Schoolgirl's charity song tipped to top the charts after celebrity push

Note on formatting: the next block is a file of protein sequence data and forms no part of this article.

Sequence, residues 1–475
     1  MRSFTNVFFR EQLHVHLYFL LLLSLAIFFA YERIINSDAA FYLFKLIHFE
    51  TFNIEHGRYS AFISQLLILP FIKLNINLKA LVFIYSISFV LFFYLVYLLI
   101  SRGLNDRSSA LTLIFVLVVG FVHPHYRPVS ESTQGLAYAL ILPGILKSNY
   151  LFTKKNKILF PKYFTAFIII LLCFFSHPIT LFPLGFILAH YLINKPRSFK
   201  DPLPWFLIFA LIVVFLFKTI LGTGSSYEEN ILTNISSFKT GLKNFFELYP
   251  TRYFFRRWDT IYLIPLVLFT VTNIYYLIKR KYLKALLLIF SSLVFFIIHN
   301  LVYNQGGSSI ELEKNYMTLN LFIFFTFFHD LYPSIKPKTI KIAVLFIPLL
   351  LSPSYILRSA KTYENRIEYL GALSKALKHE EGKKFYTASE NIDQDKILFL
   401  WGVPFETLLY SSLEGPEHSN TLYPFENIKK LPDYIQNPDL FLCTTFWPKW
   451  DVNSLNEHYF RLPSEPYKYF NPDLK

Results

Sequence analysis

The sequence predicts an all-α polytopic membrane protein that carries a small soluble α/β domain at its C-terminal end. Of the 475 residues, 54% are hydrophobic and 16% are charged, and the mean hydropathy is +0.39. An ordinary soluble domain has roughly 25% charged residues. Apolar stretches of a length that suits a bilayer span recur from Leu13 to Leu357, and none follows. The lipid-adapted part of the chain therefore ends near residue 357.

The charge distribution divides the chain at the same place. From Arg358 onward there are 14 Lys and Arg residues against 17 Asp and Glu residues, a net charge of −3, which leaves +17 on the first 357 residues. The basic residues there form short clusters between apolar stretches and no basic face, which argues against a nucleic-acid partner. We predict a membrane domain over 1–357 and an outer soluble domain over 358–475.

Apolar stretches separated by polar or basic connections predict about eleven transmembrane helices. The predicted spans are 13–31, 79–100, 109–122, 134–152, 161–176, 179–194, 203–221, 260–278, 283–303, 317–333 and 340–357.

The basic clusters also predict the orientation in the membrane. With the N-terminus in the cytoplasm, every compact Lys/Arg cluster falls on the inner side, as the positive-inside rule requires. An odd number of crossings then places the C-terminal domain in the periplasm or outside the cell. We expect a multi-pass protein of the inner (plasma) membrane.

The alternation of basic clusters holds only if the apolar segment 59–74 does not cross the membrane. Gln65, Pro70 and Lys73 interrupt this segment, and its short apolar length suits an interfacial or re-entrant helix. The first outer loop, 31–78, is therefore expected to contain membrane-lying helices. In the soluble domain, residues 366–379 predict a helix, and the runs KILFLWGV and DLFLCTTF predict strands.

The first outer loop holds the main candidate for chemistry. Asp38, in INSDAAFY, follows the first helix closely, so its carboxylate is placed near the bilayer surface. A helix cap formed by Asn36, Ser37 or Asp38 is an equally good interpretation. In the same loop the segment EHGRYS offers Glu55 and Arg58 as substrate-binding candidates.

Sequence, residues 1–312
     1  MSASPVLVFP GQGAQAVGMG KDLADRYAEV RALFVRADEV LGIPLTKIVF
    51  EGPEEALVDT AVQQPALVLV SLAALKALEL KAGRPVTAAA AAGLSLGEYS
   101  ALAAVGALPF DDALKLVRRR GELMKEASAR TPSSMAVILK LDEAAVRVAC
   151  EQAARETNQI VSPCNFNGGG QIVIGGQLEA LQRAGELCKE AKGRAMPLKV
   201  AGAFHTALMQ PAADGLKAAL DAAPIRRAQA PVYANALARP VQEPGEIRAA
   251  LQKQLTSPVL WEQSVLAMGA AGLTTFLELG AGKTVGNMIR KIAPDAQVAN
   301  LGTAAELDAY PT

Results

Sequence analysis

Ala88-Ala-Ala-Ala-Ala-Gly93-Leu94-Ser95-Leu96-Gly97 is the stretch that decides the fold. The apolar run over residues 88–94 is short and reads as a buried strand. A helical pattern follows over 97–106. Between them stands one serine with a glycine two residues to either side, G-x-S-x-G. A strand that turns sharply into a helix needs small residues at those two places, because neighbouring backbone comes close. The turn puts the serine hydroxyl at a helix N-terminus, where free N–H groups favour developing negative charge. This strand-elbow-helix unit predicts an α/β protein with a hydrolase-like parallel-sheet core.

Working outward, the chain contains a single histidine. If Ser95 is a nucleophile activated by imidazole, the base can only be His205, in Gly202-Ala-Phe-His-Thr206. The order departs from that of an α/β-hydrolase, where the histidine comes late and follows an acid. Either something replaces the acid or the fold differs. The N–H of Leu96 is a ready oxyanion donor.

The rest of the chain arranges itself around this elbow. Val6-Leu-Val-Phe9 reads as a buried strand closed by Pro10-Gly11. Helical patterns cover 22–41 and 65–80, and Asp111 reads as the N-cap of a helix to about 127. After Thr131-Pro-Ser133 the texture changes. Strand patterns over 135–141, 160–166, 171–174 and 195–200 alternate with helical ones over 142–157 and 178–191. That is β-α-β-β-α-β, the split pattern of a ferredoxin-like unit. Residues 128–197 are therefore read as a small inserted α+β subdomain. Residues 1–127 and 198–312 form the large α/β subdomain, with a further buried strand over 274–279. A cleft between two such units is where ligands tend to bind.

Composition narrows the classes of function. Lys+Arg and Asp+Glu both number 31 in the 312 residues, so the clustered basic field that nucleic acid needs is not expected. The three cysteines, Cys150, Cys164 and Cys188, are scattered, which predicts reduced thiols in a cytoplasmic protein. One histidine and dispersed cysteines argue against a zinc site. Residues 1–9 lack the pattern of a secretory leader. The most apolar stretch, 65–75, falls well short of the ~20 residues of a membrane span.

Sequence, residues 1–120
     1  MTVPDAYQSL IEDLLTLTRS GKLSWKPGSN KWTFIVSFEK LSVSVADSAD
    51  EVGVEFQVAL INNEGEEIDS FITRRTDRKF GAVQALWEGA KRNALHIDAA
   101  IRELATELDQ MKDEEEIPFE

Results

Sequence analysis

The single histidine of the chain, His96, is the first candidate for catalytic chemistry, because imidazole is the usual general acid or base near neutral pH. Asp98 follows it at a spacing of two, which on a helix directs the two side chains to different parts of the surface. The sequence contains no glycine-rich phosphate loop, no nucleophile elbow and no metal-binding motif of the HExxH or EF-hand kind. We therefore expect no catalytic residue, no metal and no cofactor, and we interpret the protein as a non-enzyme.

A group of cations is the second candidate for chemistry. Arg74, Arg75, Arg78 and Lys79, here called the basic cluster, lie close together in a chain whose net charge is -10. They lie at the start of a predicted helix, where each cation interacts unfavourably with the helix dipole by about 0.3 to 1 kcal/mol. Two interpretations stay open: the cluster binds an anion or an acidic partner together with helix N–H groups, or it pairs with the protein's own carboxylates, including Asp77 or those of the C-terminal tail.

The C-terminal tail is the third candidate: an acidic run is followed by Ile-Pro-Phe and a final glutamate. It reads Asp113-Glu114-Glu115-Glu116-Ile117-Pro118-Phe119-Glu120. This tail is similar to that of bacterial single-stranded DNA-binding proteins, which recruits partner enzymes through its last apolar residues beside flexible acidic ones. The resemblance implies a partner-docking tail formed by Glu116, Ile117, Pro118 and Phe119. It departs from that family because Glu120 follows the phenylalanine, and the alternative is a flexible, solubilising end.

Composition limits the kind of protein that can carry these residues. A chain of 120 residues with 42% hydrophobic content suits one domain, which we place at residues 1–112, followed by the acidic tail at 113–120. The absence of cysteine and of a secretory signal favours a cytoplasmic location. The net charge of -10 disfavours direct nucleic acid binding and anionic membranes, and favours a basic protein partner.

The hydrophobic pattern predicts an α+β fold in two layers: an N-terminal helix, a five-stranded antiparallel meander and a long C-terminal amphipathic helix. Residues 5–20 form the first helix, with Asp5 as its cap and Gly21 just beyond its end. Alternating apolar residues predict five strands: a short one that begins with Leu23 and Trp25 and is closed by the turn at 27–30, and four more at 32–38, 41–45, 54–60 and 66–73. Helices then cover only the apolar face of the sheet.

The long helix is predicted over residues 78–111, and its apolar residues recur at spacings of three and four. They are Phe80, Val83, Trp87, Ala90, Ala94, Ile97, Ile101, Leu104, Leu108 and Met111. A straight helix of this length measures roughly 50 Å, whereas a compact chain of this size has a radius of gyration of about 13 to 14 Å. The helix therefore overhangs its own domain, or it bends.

A 17-year-old schoolgirl is being tipped to top the charts after celebrities got behind a charity single she recorded for children who have lost loved ones. Molly Lane’s song, Do They Dance In Heaven, in aid of bereavement charity Grief Encounter, will be released for download on Monday. And with a multitude of stars from a TV chef and girl band singer to Radio 1 DJs promising to push the single on social media, many are predicting the single will hit the top spot. Molly, a performing arts student at the University Technical College in Elstree, north London, decided to record the song after meeting children who had lost parents or siblings at a special event. She was later asked to sing at the memorial service of the brother of one of the girls she had met and vowed to do something to help. After hearing the song, written by family friend Perrie Young after the death of his father, Molly’s fellow students helped produce the music video. Molly said: “A little girl asked if I could sing at her brother’s memorial service. “But on the day I became so upset, seeing how hurt she was by losing her brother, I only managed to sing one song. I was so emotionally touched, and decided I needed to do something to help other children who had been bereaved.“Once I recorded the single the other students from my college said they wanted to get involved, and got together to do the music video. It’s been amazing to see so many people wanting to help me.”Molly’s father Bobby says he’s hoping for an avalanche effect after the single is released on Blue Monday as many stars encourage followers to download it. He said: “We’ve had a lot of interest from famous people, who promised they’ll plug the song on their social networking sites.“We’ve also had discussions with Premier League clubs who might ask Molly to sing the song before games next week.“Can it get to No1? Definitely. We’re hoping people will want to go and download it, it’s only 99p and every penny of every download goes directly to the charity.”